Combat:

The arms and armor of a Duelist depend entirely upon their culture and the kinds of dueling they specialize in. Some are nimble knife-fighters, who eschew armor and heavier weapons for a simple light blade. Others are experts in armored single combats, including bouts with poll-axes in heavy plate armor. Whatever the typical armor and weapons might be, it can be assured that the duelist has the best that their money can buy, and knows how to use them.

Because of their extensive training in single combats, any time a Duelist fights against a single opponent in a situation where they can entirely focus on that one combatant (so not in a general melee, even if they are fighting one-on-one), even if it is not a formalized "duel", the Duelist receives a +1 bonus to their Attack, Defense, and Reflexes skills to represent their specialized combat training.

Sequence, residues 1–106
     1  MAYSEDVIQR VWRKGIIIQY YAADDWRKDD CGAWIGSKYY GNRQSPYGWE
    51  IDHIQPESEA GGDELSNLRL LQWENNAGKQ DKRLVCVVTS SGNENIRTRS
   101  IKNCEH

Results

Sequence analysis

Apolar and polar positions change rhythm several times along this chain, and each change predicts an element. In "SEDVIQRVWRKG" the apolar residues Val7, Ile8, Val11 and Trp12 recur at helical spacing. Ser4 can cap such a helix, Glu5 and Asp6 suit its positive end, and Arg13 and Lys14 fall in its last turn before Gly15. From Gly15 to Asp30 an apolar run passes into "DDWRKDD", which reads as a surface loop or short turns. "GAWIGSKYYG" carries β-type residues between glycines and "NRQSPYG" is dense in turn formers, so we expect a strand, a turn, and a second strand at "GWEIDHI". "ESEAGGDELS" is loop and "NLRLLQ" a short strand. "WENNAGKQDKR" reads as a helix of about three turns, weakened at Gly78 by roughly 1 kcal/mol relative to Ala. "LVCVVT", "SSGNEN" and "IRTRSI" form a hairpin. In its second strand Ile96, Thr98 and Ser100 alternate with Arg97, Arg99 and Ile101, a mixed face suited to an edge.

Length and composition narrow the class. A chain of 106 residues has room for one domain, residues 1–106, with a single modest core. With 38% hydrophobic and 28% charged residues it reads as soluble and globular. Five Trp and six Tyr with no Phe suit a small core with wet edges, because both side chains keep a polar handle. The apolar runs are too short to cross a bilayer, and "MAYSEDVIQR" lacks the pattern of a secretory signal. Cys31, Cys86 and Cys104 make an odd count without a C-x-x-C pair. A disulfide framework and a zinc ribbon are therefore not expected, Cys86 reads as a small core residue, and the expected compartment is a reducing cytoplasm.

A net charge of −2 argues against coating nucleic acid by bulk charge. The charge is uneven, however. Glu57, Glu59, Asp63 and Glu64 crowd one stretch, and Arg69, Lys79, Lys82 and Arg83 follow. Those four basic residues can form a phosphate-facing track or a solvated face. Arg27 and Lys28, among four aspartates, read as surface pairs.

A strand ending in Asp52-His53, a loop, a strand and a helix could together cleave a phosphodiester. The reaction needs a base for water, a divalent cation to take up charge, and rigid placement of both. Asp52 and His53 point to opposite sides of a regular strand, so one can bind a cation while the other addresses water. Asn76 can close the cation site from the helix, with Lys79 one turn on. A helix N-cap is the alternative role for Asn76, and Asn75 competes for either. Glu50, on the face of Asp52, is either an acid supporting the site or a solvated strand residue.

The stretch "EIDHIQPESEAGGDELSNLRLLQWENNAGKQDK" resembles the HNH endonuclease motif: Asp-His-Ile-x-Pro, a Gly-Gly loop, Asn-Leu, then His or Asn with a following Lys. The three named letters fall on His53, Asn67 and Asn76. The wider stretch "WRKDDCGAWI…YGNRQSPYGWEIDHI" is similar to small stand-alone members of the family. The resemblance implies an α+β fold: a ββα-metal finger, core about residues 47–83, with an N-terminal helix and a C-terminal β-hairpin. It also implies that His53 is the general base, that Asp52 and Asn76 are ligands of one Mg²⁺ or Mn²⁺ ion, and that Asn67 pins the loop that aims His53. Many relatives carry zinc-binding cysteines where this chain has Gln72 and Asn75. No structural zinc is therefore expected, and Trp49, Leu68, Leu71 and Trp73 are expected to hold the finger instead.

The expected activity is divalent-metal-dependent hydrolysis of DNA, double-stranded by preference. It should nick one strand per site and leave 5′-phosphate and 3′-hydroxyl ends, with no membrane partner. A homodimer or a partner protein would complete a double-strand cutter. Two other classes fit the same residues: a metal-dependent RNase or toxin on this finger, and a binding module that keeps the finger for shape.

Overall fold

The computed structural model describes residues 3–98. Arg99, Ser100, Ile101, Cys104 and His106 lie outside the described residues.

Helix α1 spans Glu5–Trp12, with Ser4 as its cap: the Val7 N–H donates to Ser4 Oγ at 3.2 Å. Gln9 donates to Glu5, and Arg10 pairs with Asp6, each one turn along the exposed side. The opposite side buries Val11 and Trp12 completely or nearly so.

Legionnaire

Attack: +3M/+2R
Defense: +3 (+4 w/ Shield)
Reflexes: +3

Athletics: +4
Detection: +2
Stealth: +0

Avoid: +0
Endure: +4
Resist: +2

Health: 12
Armor: 4
Damage: +0M/+1R

Appearance:

Legionnaires aren't typically overly large or overly short - they are actually picked for sizes that don't create a discrepancy in the battle lines. Legionnaires are however extraordinarily tough, with great strength and greater endurance. Legionnaires are dressed in long red tunics and calf-high sandals, with bronze and iron helmets and body armor made from either mail or thin iron laminate, and armed with short sword, heavy javelin, and large shield.

Behavior:

Professional soldiers that serve in campaigns for months if not years at a time, and march everywhere, in all seasons and weather, carrying their own kit as well as camp supplies, Legionnaires march to war or stand ready to defend along every border of the Empire. They are a coarse, violent breed, but they are not stupid and they are extremely well disciplined. Legionnaires view themselves as soldiers, each of whom is one small, but important, part of the much larger Empire war machine. They are also career soldiers, fighting for 20 years and then given lands and gold upon their retirement. This means most Legionnaires are stony veterans of numerous battles and many hard-fought campaigns, and they are deadly dangerous opponents.

Combat: